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Platelet-Rich Plasma (PRP)

Platelet-rich plasma (PRP) is an innovative treatment option designed to enhance and accelerate wound and soft tissue healing, but is it right for everyone? The answer for most people is an astounding yes. Since the 1990s, medical professionals have provided PRP injections in order to improve functioning and reduce pain in a variety of clinical situations.

Today, platelet-rich plasma technique is the go-to treatment for athletes suffering from anything from a sprained ankle to chronic tendon injuries. It is also frequently used to improve healing after oral, maxillofacial, plastic, reconstructive and orthopedic surgery.

What is Platelet-Rich Plasma?

With platelet-rich plasma injections, doctors introduce a blood product around a wound to facilitate healing. A recent study conducted by Stanford University found that the use of platelet-rich plasma did accelerate healing in tendon repair, for example.

How Does Platelet-rich plasma Work?

Platelet-rich plasma treatment requires plasma that contains a large concentration of platelets, the component in blood that clumps to create blood clots that stop bleeding. These clotting elements, or platelets, contain growth factors that are critical to tissue repair. By introducing them into the damaged area, the growth factors stimulate healing.

The PRP process starts when a small amount of blood is drawn from the patient — typically 20 to 50ccs. That blood is spun in a centrifuge to separate the platelet-rich plasma from the other blood elements like the red blood cells. The balance of the blood is given back to the patient with only the platelet-rich plasma technique held for later use. At some point, the PRP is injected into an injured area or to improve healing after surgery.

Why does Injecting PRP Help Heal Tissue?

The truth is it’s not exactly clear why injecting PRP enhances healing, but the clinical evidence proves the benefit. What medical science does know is that the concentration of growth factors found in the Platelet-rich plasma method plays a significant role.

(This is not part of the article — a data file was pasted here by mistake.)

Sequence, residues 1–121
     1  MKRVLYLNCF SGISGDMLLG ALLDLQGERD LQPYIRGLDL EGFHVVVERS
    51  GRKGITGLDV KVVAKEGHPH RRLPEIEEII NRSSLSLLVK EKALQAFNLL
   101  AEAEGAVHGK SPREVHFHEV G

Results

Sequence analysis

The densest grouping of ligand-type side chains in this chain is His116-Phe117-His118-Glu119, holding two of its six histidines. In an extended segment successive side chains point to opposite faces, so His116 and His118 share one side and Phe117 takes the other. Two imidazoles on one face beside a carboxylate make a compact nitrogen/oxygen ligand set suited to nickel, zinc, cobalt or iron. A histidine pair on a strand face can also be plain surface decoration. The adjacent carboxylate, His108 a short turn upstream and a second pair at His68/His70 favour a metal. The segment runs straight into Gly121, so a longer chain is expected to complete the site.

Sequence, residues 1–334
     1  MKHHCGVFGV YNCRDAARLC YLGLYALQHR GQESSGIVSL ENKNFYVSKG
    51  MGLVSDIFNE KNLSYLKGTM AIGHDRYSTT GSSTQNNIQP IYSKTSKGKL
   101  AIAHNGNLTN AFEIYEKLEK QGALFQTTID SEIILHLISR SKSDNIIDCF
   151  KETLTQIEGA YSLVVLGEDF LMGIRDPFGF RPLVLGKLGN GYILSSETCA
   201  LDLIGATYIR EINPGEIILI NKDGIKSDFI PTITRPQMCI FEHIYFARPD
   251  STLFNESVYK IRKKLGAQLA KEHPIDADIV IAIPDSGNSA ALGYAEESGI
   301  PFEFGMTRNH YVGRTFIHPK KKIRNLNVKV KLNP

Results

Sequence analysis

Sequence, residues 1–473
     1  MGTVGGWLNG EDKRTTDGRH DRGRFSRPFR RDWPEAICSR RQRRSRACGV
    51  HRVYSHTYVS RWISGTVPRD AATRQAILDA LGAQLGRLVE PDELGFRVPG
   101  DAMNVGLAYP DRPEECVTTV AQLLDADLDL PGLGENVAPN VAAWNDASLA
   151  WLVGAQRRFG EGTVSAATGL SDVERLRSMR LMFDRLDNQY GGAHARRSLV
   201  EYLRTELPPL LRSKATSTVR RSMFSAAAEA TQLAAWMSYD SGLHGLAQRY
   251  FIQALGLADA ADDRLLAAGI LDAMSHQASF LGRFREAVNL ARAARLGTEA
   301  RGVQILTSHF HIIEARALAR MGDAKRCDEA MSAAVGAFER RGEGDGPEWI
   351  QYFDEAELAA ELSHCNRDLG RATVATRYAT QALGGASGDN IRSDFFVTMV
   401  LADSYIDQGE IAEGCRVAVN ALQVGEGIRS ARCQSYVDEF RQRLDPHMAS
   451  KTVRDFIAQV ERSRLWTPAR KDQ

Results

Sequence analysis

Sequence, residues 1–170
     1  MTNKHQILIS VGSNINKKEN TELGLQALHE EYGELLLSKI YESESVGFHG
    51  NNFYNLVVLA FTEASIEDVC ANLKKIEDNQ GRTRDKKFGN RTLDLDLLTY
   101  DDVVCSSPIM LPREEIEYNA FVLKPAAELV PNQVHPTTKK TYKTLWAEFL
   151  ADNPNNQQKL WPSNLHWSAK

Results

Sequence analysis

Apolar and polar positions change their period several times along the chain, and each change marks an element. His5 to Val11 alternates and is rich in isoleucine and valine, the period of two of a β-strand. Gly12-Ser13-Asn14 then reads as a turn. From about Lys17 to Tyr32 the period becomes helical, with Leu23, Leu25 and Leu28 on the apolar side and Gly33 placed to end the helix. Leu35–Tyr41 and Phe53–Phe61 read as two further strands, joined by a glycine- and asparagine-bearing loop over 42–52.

Platelet-rich plasma has at least five growth factors. The introduction of these growth factors into a surgical site increases the number of healing cells to stimulate blood vessel growth, promote homeostasis, enhance wound healing and help repair bone. It’s the high concentration of platelets found in PRP that is responsible for introducing these growth hormones into the tissue.

Is PRP Only Used in Surgery?

PRP therapy has many uses, including to promote better healing after surgery. It is also a practical choice to repair chronic tendon injuries and acute damage to ligaments and muscles. The amount of blood volume loss is insignificant for the patient but the benefits provided by PRP speed up the healing process.

Recovering from a surgery is a long and tedious process and can leave the patient restless and inevitably reinjure themselves while trying to do too much too soon. The platelet-rich plasma technique is a great solution to accelerate the road to recovery. Dr. Vermillion has been treating patients with PRP for over 10 years. Give us a call if you have questions about what PRP therapy might do for you.

© 2019 by Orthopaedic Research Clinic Alaska

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The American Board of Orthopaedic Surgery

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